Florence And The Machine's 'Dog Days' Fights As VMA Underdog

The Video of the Year contender is up against heavyweights like Eminem and Lady Gaga.

Singer Florence Welch, of the British outfit [artist id="3081382"]Florence and the Machine,[/artist] has called the group's four MTV Video Music Award nods, including Video of the Year, for "Dog Days Are Over" "the most incredible thing ever."

Even with its arresting mish-mash of blue-skinned, bee-hived dancers and cloaked percussionists grooving through thick plumes of colored smoke and explosions, the video has some tough competition. With Lady Gaga's Internet-stirring "Bad Romance" and comeback king Eminem's "Not Afraid" in the ring, the U.K. newcomers are facing some major competition. But don't count out the Machine, as Welch has turned in a visually arresting clip powered by a seriously booty-quivering beat.

"I wrote 'Dog Days' in a [closet] with my friend Isabella [Summers]. We had no instruments, we banged our hands against the walls. We were using pans as instruments," said Welch, who has promised an "otherworldly" performance of the song on the VMA stage on Sunday. "We did it for fun, and then the video ... I wanted it to be as artistic as possible. It wasn't about being pretty."

Welch, who flits through the video like an avant-garde geisha leading a motley orchestra of instrumentalists until they literally explode, said the video was all about making a statement.

"I wanted something that was striking and made me look a bit scary, so for it to be recognized at something as huge as the VMAs is the most incredible thing, and I'm just really grateful for the opportunity to go," Welch said of "Dog Days," which is also up for Best Rock Video, Best Art Direction and Best Cinematography. "It's incredible."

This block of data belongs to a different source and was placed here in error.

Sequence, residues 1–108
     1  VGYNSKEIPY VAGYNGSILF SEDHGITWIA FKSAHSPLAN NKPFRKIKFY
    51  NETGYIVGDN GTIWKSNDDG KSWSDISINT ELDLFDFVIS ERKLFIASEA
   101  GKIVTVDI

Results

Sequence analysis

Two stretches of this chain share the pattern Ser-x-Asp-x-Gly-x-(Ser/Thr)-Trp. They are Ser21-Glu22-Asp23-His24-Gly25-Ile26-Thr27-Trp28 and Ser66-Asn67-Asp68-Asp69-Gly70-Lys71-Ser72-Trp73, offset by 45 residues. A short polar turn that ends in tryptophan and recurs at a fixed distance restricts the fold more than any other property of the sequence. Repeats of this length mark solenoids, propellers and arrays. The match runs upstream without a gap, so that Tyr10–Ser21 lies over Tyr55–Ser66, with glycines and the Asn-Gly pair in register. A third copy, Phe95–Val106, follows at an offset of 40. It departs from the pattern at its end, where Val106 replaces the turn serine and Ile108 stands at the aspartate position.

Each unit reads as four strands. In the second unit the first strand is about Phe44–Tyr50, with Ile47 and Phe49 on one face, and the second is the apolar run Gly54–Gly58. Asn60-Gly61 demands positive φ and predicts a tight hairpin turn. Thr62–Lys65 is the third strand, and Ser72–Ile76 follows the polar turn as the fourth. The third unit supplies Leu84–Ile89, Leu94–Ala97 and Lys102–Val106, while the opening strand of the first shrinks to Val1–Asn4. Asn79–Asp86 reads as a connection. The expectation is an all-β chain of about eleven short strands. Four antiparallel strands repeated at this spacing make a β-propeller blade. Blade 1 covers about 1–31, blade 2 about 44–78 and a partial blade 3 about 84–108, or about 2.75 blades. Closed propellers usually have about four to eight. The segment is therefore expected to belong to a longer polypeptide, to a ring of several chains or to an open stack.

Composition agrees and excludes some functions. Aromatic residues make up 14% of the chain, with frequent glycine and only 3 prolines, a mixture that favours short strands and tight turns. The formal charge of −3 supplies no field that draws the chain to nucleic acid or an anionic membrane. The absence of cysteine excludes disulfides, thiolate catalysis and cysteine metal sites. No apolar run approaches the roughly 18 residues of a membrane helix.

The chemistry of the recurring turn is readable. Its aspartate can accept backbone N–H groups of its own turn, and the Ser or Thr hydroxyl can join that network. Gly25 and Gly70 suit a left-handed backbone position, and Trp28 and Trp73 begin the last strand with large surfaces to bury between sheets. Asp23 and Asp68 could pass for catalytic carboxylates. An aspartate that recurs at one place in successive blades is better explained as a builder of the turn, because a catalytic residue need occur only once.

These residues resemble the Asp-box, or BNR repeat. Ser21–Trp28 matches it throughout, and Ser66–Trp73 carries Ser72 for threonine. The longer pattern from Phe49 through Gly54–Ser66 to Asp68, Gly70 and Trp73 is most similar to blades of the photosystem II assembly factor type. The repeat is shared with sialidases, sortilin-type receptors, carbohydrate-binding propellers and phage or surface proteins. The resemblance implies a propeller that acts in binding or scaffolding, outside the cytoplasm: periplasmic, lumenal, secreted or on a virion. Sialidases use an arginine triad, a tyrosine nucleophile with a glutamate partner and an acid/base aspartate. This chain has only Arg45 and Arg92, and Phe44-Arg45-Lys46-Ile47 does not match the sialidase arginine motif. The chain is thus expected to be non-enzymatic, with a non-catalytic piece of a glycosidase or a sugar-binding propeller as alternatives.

"Dog Days" has been making a lot of noise for the group, who were named one of MTV News' Rock Week Artists to Watch in 2010. The song's high-octane thump rumbled through ads for the Julia Roberts summer hit "Eat Pray Love," and Welch will bring the track's thunderous energy to the VMA stage.

"What we're trying to do is kind of encapsulate the video into a live performance," Welch said recently. "There's a lot of different characters in the video, and so I'm going to be trying to bring some of that. It's just about the energy of the song, for me. It's sort of energy and chaos. There's people, like, actually physically exploding in the video, and hopefully that won't happen. If everyone's really into it, that's fine with me, but we haven't planned it."

Even if Eminem snatches the Video of the Year statue from the Machine, Welch may not feel too bad, since she's also a longtime fan.

"The first single I ever bought was 'The Real Slim Shady,' and my sister said that I should bring it to the VMAs and get him to sign it," Welch said. "That'd be so funny. I'd be like, 'Hi, I bought this from Woolworth's when I was 11, can you sign it for me?' He'd be like, 'What's Woolworth's?' "

What is your favorite Florence and the Machine video? Let us know in the comments below!

The 27th annual MTV Video Music Awards will be broadcast live from the Nokia Theatre in Los Angeles on Sunday. The party starts with MTV News' VMA Pre-Show at 8 p.m., followed by the main event at 9 p.m. ET.